Sanders and Warren worked on recovery legislation together in 2017, which was backed by Mayor Cruz.

This plan from Bloomberg also comes on the heels of his visit to Florida, where Rep. Stephanie Murphy, who represents a district with a large Puerto Rican population, has also already introduced statehood legislation in the House. Murphy endorsed Bloomberg earlier this month.

With a couple of his rivals already with ties to the island, Bloomberg now proposes further measures.

"The time has come to sew Puerto Rico’s star into our national flag," Bloomberg writes. "As president, when voters there are ready to begin the stitching, I’ll bring Congress and the whole country together to get it done."

Along with his essay, Bloomberg's campaign released a plan aimed at the economic boons statehood would offer to Puerto Rico: Medicaid, earned income tax credits and child tax credits.

It would emphasize clean energy initiatives as well, rebuilding infrastructure and helping transition Puerto Rico to a more reliable, decentralized system.

Notably, he also calls for faster transfers of rebuilding and administering disaster response funding -- as Puerto Rico still struggles to deal with not just hurricane devastation -- but a recent string of earthquake aftershocks which have rocked the island.

Bloomberg also said in mid-January that he'd like to make D.C a state, saying he would work with Congress to make that happen.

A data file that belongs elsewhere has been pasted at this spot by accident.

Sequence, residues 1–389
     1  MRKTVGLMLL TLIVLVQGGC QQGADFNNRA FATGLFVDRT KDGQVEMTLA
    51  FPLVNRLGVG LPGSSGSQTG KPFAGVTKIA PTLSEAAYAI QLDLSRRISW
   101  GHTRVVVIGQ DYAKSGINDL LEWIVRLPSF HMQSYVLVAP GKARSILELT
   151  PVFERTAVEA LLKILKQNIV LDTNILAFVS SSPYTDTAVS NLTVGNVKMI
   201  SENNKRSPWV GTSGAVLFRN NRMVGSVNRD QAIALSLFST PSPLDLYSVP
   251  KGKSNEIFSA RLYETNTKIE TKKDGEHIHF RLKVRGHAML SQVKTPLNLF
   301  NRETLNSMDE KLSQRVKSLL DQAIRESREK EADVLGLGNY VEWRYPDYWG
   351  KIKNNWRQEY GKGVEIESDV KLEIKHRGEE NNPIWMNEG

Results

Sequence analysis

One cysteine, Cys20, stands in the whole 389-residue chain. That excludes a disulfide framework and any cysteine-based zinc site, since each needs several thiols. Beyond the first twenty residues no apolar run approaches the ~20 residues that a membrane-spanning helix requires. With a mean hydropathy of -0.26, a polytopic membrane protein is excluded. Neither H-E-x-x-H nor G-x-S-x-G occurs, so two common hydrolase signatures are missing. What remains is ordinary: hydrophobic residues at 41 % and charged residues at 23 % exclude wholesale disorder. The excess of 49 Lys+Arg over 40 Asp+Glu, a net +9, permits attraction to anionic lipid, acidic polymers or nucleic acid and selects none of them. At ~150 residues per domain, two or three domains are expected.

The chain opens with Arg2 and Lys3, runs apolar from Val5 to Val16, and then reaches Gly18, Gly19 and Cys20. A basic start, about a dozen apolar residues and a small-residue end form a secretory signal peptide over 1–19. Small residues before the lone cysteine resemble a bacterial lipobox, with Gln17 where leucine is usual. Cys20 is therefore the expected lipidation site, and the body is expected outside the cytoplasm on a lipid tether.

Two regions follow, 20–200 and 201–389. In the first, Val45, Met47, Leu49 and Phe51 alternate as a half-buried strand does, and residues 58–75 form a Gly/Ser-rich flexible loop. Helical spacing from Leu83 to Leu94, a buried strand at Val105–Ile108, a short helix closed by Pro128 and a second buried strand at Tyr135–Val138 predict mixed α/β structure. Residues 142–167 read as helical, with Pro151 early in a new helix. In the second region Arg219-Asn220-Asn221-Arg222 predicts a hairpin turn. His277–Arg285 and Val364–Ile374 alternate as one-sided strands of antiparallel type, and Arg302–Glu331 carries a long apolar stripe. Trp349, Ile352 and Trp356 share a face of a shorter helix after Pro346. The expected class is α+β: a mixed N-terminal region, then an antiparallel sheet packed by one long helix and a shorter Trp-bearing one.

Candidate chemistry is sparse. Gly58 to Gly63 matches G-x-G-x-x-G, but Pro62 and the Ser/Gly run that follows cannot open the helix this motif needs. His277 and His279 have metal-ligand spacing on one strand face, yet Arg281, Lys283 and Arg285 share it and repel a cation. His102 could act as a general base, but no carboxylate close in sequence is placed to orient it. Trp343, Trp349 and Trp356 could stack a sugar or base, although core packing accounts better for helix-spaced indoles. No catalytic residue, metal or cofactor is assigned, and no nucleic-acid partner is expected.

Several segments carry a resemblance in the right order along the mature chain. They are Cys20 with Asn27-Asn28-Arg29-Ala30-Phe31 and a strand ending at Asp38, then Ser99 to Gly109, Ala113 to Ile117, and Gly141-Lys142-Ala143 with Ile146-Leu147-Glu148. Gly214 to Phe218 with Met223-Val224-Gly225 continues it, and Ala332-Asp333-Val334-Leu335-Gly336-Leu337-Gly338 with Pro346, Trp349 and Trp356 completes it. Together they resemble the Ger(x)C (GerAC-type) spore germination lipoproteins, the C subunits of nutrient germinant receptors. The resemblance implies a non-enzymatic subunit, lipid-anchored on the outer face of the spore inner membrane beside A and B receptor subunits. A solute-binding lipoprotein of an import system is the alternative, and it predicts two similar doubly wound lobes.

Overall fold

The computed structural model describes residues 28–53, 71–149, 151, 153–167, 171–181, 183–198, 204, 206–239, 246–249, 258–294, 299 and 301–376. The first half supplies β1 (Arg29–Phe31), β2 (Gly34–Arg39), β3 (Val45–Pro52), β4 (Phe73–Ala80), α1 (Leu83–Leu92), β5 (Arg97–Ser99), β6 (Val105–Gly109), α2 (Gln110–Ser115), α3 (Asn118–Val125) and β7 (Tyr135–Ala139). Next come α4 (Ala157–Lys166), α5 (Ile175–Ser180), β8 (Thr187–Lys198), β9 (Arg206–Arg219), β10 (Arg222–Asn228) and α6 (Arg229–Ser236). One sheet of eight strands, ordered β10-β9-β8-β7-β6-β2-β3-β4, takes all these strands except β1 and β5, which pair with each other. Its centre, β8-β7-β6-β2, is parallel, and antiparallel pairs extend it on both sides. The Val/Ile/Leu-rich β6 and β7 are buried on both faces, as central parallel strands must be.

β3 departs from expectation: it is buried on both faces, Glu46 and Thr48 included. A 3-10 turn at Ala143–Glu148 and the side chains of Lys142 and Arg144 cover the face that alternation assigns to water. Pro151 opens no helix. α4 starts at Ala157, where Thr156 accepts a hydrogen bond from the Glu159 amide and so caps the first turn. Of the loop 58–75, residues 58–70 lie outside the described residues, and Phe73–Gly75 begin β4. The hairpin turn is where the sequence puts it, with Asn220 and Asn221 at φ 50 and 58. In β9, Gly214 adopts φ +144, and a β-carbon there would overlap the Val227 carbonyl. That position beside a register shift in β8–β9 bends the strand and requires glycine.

"The time has come for D.C. to become a state -- with full voting rights," Bloomberg said. "And as president, I’ll work with Congress to make it happen."

Copyright © 2020, ABC Audio. All rights reserved.


Alan Dershowitz speaks on the Senate floor on Jan. 27, 2020. (ABC News)(WASHINGTON) -- The impeachment trial spilled into its second week on Monday, as President Donald Trump's counsel presented more opening arguments on the Senate floor.

It was the first day back following The New York Times' bombshell report on Sunday that Trump's former national security adviser, John Bolton, had detailed in an unpublished manuscript a conversation where the president reportedly tied the release of Ukraine military aid to investigations into the Bidens.

ABC News has not independently reviewed the manuscript, but according to the Times, Bolton wrote that he had a conversation with Trump about the Ukraine aid and investigating his political rivals in August 2019.

The news put more pressure on the question of whether or not there will be witnesses during the impeachment trial.

Here are three things to know from Monday:

Impact of Bolton's reported conversation with Trump

Bolton's unpublished manuscript, which reportedly contradicts Trump's defense about the withholding of military aid, created a firestorm in Washington and put increased pressure on Republicans to make way for witnesses at the Senate trial.

Some Republicans on Monday indicated they'd support hearing from Bolton, like Utah Sen. Mitt Romney.

"It's pretty fair to say that John Bolton has a relevant testimony to provide to those of us who are sitting in impartial justice," Romney said.

Similarly, Sen. Susan Collins of Maine said in a statement: "The reports about John Bolton's book strengthen the case for witnesses and have prompted a number of conversations among my colleagues."